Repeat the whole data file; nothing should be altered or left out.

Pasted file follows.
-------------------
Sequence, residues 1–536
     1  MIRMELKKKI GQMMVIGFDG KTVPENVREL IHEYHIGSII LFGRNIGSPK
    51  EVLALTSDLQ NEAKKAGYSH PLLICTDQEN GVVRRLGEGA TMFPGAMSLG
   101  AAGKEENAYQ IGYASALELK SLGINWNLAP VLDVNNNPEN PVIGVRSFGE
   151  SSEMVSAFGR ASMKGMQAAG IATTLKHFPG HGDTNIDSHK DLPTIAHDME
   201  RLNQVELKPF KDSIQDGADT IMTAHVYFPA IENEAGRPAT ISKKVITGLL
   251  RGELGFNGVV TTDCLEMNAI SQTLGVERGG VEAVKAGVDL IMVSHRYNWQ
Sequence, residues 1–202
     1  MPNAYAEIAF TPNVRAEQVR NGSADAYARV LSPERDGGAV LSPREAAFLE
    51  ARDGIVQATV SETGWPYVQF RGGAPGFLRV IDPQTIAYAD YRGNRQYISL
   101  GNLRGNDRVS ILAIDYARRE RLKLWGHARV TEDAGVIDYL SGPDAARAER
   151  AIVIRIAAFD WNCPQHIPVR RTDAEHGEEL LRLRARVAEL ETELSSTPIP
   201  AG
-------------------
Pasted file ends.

Sequence, residues 1–536
     1  MIRMELKKKI GQMMVIGFDG KTVPENVREL IHEYHIGSII LFGRNIGSPK
    51  EVLALTSDLQ NEAKKAGYSH PLLICTDQEN GVVRRLGEGA TMFPGAMSLG
   101  AAGKEENAYQ IGYASALELK SLGINWNLAP VLDVNNNPEN PVIGVRSFGE
   151  SSEMVSAFGR ASMKGMQAAG IATTLKHFPG HGDTNIDSHK DLPTIAHDME
   201  RLNQVELKPF KDSIQDGADT IMTAHVYFPA IENEAGRPAT ISKKVITGLL
   251  RGELGFNGVV TTDCLEMNAI SQTLGVERGG VEAVKAGVDL IMVSHRYNWQ
Sequence, residues 1–202
     1  MPNAYAEIAF TPNVRAEQVR NGSADAYARV LSPERDGGAV LSPREAAFLE
    51  ARDGIVQATV SETGWPYVQF RGGAPGFLRV IDPQTIAYAD YRGNRQYISL
   101  GNLRGNDRVS ILAIDYARRE RLKLWGHARV TEDAGVIDYL SGPDAARAER
   151  AIVIRIAAFD WNCPQHIPVR RTDAEHGEEL LRLRARVAEL ETELSSTPIP
   201  AG